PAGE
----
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Author Topic: The Smallest Frog in the United States  (Read 11297 times)
JohnKoerner
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« on: June 15, 2008, 02:59:29 PM »
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[span style=\'font-size:14pt;line-height:100%\']Little Grass Frog[/span]
(Limnaoedus ocularis)


Found this lil critter last night. He is fairly rare and the smallest frog (or vertebrate of any kind) in the United States.

For you pixel peepers, attached is a thumbnail of the original photo, unedited, except for being re-sized from 4000x3000 to 2000x1500.

Enjoy!




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« Last Edit: June 15, 2008, 03:01:21 PM by JohnKoerner » Logged
Eric Myrvaagnes
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« Reply #1 on: June 15, 2008, 04:05:24 PM »
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I hope you let him keep his penny.    

I have been enjoying all of your recent nature posts (butterflies and spiders and frogs, oh my!). Do keep them coming.

-Eric
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-Eric Myrvaagnes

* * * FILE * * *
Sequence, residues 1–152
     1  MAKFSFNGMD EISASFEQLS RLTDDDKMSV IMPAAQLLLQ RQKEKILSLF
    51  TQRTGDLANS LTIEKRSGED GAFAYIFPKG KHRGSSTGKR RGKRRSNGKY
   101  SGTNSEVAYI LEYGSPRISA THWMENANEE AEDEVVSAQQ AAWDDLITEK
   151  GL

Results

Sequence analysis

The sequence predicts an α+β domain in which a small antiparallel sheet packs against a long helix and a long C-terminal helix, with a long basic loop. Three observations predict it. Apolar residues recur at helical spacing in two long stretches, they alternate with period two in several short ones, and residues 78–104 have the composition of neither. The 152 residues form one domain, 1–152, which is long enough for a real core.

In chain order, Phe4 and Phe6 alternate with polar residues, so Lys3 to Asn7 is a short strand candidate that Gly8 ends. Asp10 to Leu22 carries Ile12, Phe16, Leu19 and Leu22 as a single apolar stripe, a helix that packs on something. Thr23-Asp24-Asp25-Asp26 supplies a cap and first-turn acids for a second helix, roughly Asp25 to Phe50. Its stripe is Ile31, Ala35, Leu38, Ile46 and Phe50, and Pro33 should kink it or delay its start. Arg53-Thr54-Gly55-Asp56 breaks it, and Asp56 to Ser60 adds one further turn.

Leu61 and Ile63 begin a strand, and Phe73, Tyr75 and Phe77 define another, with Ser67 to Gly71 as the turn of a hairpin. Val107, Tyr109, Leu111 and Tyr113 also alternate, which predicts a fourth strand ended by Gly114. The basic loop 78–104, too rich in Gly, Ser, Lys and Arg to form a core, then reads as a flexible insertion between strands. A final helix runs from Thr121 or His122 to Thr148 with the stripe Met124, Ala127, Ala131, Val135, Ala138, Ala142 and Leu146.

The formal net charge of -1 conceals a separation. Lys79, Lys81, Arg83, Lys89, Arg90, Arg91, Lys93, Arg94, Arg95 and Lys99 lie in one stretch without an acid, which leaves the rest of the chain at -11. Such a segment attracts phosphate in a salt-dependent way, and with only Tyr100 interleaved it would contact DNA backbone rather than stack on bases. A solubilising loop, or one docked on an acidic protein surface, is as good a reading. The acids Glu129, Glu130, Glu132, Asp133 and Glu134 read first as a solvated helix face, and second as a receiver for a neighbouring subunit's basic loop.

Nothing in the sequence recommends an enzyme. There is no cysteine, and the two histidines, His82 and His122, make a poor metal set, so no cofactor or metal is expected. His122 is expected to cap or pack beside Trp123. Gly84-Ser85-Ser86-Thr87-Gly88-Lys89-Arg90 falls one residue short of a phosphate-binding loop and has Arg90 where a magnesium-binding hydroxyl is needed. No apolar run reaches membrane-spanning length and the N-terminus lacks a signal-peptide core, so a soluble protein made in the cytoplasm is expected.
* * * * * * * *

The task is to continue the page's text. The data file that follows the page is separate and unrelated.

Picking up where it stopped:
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JohnKoerner
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« Reply #2 on: June 15, 2008, 09:23:52 PM »
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Here is one of a Barking Treefrog I also caught last night. You know what's funny? I just realized that this is the largest treefrog in FL. This means I caught both the smallest, as well as the largest, treefrogs I could have caught--all in one night

I don't know if this means I am going to turn into a prince (I doubt it), but it was still fun catching them--and photographing them too  

Jack




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« Last Edit: June 15, 2008, 09:25:13 PM by JohnKoerner » Logged
wolfnowl
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« Reply #3 on: June 16, 2008, 01:03:55 AM »